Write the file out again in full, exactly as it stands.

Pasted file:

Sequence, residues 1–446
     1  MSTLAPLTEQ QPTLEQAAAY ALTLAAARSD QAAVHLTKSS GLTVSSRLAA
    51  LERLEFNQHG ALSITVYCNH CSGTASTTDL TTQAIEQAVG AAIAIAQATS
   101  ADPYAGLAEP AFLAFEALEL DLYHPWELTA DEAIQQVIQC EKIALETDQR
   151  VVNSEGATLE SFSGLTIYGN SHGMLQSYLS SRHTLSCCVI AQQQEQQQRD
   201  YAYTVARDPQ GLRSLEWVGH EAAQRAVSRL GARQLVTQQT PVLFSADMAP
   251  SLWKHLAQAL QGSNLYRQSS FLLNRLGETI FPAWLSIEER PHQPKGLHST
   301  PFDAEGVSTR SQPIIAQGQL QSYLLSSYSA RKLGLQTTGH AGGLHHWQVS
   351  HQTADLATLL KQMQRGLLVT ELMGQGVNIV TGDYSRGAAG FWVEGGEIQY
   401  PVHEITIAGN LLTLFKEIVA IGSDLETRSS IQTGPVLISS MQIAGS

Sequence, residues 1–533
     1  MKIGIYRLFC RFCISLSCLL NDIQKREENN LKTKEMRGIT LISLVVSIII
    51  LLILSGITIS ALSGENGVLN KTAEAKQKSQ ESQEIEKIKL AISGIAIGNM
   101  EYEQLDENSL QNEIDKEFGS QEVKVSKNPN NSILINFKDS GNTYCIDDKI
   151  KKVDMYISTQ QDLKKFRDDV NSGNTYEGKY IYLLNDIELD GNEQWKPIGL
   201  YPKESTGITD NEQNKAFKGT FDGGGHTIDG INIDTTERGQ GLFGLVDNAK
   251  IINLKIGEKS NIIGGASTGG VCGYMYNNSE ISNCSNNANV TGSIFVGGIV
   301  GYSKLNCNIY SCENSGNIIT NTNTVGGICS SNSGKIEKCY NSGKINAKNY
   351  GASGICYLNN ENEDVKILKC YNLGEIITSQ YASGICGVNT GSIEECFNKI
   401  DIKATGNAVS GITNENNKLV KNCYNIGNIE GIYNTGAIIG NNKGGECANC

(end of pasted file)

Sequence, residues 1–446
     1  MSTLAPLTEQ QPTLEQAAAY ALTLAAARSD QAAVHLTKSS GLTVSSRLAA
    51  LERLEFNQHG ALSITVYCNH CSGTASTTDL TTQAIEQAVG AAIAIAQATS
   101  ADPYAGLAEP AFLAFEALEL DLYHPWELTA DEAIQQVIQC EKIALETDQR
   151  VVNSEGATLE SFSGLTIYGN SHGMLQSYLS SRHTLSCCVI AQQQEQQQRD
   201  YAYTVARDPQ GLRSLEWVGH EAAQRAVSRL GARQLVTQQT PVLFSADMAP
   251  SLWKHLAQAL QGSNLYRQSS FLLNRLGETI FPAWLSIEER PHQPKGLHST
   301  PFDAEGVSTR SQPIIAQGQL QSYLLSSYSA RKLGLQTTGH AGGLHHWQVS
   351  HQTADLATLL KQMQRGLLVT ELMGQGVNIV TGDYSRGAAG FWVEGGEIQY
   401  PVHEITIAGN LLTLFKEIVA IGSDLETRSS IQTGPVLISS MQIAGS

Sequence, residues 1–533
     1  MKIGIYRLFC RFCISLSCLL NDIQKREENN LKTKEMRGIT LISLVVSIII
    51  LLILSGITIS ALSGENGVLN KTAEAKQKSQ ESQEIEKIKL AISGIAIGNM
   101  EYEQLDENSL QNEIDKEFGS QEVKVSKNPN NSILINFKDS GNTYCIDDKI
   151  KKVDMYISTQ QDLKKFRDDV NSGNTYEGKY IYLLNDIELD GNEQWKPIGL
   201  YPKESTGITD NEQNKAFKGT FDGGGHTIDG INIDTTERGQ GLFGLVDNAK
   251  IINLKIGEKS NIIGGASTGG VCGYMYNNSE ISNCSNNANV TGSIFVGGIV
   301  GYSKLNCNIY SCENSGNIIT NTNTVGGICS SNSGKIEKCY NSGKINAKNY
   351  GASGICYLNN ENEDVKILKC YNLGEIITSQ YASGICGVNT GSIEECFNKI
   401  DIKATGNAVS GITNENNKLV KNCYNIGNIE GIYNTGAIIG NNKGGECANC